Two Kennedy High School students shared a list of Black Lives Matter demands with the Cedar Rapids Community School District (CRCSD) during Monday’s Board of Education meeting.
Sisters Rahma and Raafa Elsheikh asked the district to release a statement in support of Black Lives Matter, in addition to renaming schools that commemorate slave owners, ending a contract with the Cedar Rapids Police Department and for students and teachers to complete implicit bias training, among other demands. Rahma and Raafa were among those who spoke during the June 13 march in Cedar Rapids organized by the Advocates for Social Justice.
“It’s no secret that Black people are systemically oppressed in the criminal justice system and healthcare, but arguably most importantly, education,” Rahma started off her remarks during the meeting’s public comment period. “And this year, [CRCSD] is not immune to this nor has it been thus far, I’d like to say, completely supportive of its Black students. There are various instances where either I or another Black student has blatantly experienced racial discrimination in halls of your schools.”
Rahma expressed that when students come forward with stories of discrimination and racism, there is a “lack of action … to help alleviate the burden of the daily racism they already experience.”
The first few demands Rahma announced are for the district to have a therapist of color available to all students, active recruitment of Black people and people of color for open job positions in the district and an anonymous survey for students to share their experiences of discrimination. Rahma asked for the survey to be reviewed once a month with a panel of students and staff. Schools must also properly document cases of discrimination and racism, Raafa added.
The students asked for the district to make an acknowledgement of Black History Month and for each school to have a Black History Month assembly. They also demanded for all high schools to have a Black Student Union available to students and for the district to have an “annual multicultural fair to celebrate students’ backgrounds beyond just different food from different regions.”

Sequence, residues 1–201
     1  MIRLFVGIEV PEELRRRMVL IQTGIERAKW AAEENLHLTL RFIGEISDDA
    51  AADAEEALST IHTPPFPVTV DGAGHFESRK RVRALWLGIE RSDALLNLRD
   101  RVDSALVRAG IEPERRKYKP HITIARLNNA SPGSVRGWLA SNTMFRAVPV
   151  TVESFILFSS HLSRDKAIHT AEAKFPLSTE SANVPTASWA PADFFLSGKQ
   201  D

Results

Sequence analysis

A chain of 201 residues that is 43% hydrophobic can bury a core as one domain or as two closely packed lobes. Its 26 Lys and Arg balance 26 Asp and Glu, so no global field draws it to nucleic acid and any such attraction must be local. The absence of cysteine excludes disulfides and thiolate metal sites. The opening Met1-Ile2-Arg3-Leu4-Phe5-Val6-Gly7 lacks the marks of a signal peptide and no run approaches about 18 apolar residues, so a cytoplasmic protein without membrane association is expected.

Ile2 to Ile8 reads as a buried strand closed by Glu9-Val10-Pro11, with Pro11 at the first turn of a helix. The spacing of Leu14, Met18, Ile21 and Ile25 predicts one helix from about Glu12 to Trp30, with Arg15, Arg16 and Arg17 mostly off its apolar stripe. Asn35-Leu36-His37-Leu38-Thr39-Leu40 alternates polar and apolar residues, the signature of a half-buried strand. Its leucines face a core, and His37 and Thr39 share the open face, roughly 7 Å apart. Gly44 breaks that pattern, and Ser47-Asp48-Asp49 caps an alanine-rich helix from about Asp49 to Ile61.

“We also want the district to realize that not only should it celebrate its Black students during February but the entirety of the school year,” Rahma said.
Rahma also advocated for strict disciplinary action against students who use racial slurs and for the renaming of schools that commemorate slave owners, including presidents Andrew Jackson, George Washington and Thomas Jefferson.
Teachers in the district should take implicit bias tests at least twice a year and complete training monthly, Raafa said. In addition, students should also take these tests and have training sessions available to them. The students also demanded changes in the curriculum, including teaching Black history beyond slavery.
Raafa asked for the board to publicize that their meetings are open to the public and for there to be a student seat at board meetings.
“Finally, the least the CRCSD can do is release a statement to all families and students saying that the CRCSD supports Black lives and the Black lives movement,” Raafa said as she concluded her remarks. “We cannot dance around the issue, and if you really care about your students, including your Black students, then say it as it is — Black lives matter. If you fail to release a statement, then Black students will continue to believe that they are not supported by their own school district.”
Board President Nancy Humbles thanked the two students for their comments and said that someone from the district will contact them. Little Village emailed CRCSD on Wednesday morning to ask if discussions have started but did not hear back in time for publication.
Rahma and Raafa said during the meeting they hope to finalize the demands with the board and have all staff, administrators and students sign the final list.
Update: CRCSD spokesperson Colleen Scholer told Little Village in an email that Superintendent Noreen Bush reached out to the students. Scholar said that Justin Blietz, the district’s director of culture and climate, will be “conducting follow up conversations with the students regarding some of the ideas, especially around professional learning and student support practices.”